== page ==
Enquiry into what frustrates the efficacy of preferential public procurement as a policy tool for black economic empowerment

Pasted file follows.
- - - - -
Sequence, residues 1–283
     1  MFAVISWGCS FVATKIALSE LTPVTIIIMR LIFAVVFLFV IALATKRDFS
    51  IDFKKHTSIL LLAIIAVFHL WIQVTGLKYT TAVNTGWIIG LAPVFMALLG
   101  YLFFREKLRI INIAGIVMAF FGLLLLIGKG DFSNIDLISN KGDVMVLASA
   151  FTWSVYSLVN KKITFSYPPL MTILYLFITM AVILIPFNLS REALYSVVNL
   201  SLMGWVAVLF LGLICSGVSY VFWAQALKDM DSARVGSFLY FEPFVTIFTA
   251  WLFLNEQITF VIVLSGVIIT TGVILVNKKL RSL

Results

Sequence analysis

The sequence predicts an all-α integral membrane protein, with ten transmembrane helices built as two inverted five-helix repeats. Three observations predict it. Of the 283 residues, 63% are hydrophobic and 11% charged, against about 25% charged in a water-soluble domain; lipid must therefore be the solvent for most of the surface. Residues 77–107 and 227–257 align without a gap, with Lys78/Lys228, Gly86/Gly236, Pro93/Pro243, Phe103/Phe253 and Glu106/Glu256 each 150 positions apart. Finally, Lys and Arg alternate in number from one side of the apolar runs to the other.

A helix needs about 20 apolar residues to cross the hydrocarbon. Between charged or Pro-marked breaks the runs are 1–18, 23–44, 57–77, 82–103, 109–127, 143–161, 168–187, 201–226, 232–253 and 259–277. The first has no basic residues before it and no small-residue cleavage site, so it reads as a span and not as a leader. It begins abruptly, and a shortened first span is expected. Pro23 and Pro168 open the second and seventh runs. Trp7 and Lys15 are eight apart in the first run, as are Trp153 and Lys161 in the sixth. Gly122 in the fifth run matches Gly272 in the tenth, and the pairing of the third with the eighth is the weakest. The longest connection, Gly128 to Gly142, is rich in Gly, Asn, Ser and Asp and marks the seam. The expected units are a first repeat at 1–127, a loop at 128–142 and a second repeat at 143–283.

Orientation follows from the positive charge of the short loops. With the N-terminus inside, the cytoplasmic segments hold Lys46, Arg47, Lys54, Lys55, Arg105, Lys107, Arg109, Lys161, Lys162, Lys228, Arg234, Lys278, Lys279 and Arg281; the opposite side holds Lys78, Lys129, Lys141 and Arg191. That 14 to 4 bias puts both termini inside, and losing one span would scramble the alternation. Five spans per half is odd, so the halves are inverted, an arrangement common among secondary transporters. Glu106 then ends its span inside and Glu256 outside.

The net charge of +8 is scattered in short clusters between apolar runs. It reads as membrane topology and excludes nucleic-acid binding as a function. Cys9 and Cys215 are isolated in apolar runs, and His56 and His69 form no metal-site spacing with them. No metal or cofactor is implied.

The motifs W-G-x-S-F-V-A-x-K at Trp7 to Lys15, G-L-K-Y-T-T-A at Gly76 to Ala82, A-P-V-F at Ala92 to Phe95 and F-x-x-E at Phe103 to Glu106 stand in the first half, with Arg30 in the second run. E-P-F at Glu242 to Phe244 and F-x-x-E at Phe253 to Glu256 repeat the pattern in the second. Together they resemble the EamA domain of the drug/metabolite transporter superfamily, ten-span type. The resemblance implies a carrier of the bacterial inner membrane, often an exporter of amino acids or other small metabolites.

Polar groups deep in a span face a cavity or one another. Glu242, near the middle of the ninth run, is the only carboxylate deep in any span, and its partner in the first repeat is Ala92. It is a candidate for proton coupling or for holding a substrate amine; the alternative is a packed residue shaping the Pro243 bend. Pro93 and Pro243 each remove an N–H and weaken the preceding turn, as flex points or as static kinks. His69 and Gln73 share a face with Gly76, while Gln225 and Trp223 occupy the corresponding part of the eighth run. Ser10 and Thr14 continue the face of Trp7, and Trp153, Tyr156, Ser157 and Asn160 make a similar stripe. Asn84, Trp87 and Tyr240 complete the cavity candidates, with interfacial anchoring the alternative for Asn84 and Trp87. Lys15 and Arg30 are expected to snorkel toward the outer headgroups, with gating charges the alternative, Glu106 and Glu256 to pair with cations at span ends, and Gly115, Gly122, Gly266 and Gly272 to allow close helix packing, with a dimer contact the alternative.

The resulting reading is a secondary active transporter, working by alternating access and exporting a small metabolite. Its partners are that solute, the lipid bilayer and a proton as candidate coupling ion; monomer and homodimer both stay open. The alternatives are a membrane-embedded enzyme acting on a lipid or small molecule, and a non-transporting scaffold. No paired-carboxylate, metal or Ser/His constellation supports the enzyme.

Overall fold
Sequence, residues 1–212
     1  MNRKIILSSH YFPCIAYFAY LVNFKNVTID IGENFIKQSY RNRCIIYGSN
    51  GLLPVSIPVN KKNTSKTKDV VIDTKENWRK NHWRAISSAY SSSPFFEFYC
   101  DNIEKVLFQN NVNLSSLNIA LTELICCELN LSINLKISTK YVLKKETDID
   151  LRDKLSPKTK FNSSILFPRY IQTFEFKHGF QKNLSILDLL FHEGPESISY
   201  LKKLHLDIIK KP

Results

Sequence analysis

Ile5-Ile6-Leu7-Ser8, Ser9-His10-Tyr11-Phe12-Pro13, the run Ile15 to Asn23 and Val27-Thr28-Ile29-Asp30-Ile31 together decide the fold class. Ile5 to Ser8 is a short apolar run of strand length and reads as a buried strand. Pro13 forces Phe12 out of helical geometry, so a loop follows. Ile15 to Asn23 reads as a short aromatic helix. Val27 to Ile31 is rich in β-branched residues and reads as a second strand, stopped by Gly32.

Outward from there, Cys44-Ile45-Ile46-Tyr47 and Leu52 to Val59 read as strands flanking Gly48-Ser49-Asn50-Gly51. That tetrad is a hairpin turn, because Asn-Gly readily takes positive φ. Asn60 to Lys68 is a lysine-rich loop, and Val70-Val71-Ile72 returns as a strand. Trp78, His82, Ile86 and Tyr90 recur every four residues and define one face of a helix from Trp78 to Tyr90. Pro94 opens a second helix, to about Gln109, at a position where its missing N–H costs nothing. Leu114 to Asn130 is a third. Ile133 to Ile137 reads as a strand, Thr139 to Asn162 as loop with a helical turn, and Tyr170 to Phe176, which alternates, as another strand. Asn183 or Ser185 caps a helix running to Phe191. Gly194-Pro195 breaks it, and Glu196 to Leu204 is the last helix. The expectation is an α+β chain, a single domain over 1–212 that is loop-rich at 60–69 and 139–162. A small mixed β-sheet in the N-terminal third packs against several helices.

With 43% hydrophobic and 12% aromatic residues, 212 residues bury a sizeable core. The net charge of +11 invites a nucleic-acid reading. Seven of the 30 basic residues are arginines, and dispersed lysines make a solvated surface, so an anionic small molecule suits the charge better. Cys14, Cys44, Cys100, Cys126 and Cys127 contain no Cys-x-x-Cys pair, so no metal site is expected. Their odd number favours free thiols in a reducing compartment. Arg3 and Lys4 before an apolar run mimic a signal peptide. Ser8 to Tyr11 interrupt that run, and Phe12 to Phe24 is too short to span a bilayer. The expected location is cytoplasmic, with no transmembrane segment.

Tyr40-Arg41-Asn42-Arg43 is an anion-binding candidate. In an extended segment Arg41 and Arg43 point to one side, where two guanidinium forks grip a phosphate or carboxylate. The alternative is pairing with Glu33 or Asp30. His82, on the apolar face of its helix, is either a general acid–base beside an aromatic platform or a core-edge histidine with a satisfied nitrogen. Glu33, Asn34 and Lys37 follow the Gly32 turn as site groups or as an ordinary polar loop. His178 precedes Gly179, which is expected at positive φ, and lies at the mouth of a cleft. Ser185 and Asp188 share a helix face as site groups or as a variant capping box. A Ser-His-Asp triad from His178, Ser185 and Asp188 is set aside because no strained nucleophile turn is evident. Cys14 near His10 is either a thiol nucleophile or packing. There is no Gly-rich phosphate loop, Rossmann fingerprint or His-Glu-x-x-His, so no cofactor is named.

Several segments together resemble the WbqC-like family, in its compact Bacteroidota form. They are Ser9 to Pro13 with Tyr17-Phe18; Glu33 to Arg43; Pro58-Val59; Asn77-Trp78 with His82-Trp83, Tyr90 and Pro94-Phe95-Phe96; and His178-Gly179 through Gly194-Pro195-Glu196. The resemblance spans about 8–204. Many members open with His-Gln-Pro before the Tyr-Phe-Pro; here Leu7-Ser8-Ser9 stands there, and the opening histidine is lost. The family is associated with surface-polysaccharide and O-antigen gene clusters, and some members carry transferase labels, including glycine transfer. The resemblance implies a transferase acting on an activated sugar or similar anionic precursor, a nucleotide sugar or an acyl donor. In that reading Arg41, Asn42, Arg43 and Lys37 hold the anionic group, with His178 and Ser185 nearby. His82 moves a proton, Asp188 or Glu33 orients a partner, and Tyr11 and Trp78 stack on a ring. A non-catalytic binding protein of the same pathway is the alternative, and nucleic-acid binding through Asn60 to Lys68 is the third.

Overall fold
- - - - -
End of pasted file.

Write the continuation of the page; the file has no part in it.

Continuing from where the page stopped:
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Black Economic Empowerment (BEE) has been a topic of discussion since the dawn of democracy in April 1994. Due to the entrenched inequalities of the past, economic empowerment is very important for the economic growth of the majority of South Africa’s citizens. However, significant economic enrichment of black people has not been made, despite, economic success, legislation, state policies and programme interventions. This economic growth is to be realised through the use of preferential procurement as a policy tool for BEE. Whilst sufficient legislation has been enacted to regulate preferential procurement, to favour black people, much still seems to be lacking in the enforcement of the laws in public procurement. Central to the challenges of preferential procurement is the disharmony between the Framework legislation governing preferential procurement and BEE. This discord has seen two visions being followed for preferential procurement; the Procurement Act refers to the beneficiaries of BEE as historically disadvantaged individuals (HDI; s) and the goals for BEE are measured through specific goals which promotes narrow empowerment; the BBBEE Act on the other hand defines black people as the recipients of BEE and through the BEE Codes broad-based empowerment is promoted through seven core elements. This congruency has not served the promotion of preferential procurement, it has created a hindrance that frustrates economic growth for those it is intended. The other quandary that undermines the success of preferential procurement is willful practices engaged by both tenderers and public officials; skills deficiency in the adjudication of tenders and self-interest. The success of BEE through preferential procurement is dependent on a coherently legislated procurement environment fortified by perceptive public officials. The objective of this thesis is to analyse the impact of these challenges on the success of preferential procurement. The study will highlight the main practices that defeat the use of preferential procurement. This will include an analysis of the various legislation and the amendments thereto. In addition the enquiry will examine the proficiency of public officials in the adjudication of public tendering. Recommendations for a successful preferential public procurement environment will be made. The proposed thesis will utilise, inter alia, relevant legislation, case law, theses, journals, books and policy documents.